January 30, 2014 /24-7PressRelease/
-- While overwhelming debt can be a challenging experience for almost anyone, it can be particularly stressful when an individual has no idea as to how he or she is going to escape the vicious cycle. Even worse, many people actively avoid one of the best possible debt remedies - namely, bankruptcy - due to their mistaken belief that they will lose everything they own, including their homes, during the process.
However, those mired in debt - especially those in California - need to be aware that they can actually keep a great deal of their property, if not all of their property, by utilizing bankruptcy exemptions. Essentially, exemptions are used to protect certain forms of property from liquidation during a Chapter 7 bankruptcy
. For many people, the most important exemption is the one that protects the equity in their house, otherwise known as homestead exemption.
California's Homestead Exemption
When it comes to bankruptcy exemptions, it is quite common for each individual state to craft their own, which California has indeed done. However, California is also distinct in that it has two separate sets of exemptions that a person can choose from - although he or she must pick one or the other.
For instance, California's homestead exemption under System 1 permits an individual to protect up to $75,000 in home equity during a California bankruptcy if he or she is single and not disabled, which can increase to $100,000 if the individual lives in the home with a family member. Importantly, the homestead exemption can further grow to $175,000 under System 1 if the person is aged 65 or older, has a mental or physical disability, or if he or she is 55 or older, single, earns less than $25,000 ($35,000 if married) and creditors are seeking a forced sale. Conversely, the homestead exemption under System 2 in California is $25,575.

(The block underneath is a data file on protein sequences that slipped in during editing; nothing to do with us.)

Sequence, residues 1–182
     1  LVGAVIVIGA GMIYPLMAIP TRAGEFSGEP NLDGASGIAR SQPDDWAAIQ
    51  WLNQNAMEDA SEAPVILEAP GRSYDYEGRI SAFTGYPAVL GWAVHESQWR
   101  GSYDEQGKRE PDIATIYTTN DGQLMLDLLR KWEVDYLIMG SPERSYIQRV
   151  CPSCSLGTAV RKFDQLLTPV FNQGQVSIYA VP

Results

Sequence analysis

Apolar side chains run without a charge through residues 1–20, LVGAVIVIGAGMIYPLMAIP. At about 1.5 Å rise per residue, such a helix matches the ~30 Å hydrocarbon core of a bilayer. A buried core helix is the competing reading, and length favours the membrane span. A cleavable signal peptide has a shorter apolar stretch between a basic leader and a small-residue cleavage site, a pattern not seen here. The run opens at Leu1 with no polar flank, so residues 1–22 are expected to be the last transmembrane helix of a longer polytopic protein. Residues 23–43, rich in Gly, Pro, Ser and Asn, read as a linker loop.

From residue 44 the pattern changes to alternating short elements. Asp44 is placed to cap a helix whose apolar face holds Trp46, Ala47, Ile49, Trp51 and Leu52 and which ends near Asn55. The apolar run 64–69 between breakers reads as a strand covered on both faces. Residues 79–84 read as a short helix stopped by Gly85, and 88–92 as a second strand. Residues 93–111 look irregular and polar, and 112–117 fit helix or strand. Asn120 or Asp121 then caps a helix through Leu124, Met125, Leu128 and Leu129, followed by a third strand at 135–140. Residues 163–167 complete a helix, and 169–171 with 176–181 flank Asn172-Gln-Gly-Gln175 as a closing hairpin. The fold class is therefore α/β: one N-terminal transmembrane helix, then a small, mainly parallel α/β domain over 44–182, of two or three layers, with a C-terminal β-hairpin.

However, it is important to note that just because the homestead exemption under one system is larger than the other that does not mean everyone will select the same exemption system as other types of property exemptions may come into play.
For instance, while $2,900 in motor vehicle equity can be safeguarded under System 1, System 2 provides $5,100 in equity protection for motor vehicles - not to mention that System 2 has an additional "wildcard" exemption. Ultimately, a great deal of planning and strategy is needed when determining which California exemption
system will be best suited to maximize an individual's protected assets.
If you are currently facing impossible debt and believe bankruptcy may be able to help, it is typically best to consult with an experienced bankruptcy attorney. A knowledgeable attorney can help review your finances and assist in ensuring you get the financial fresh start you so desperately need.
Article provided by Sobti Law Group
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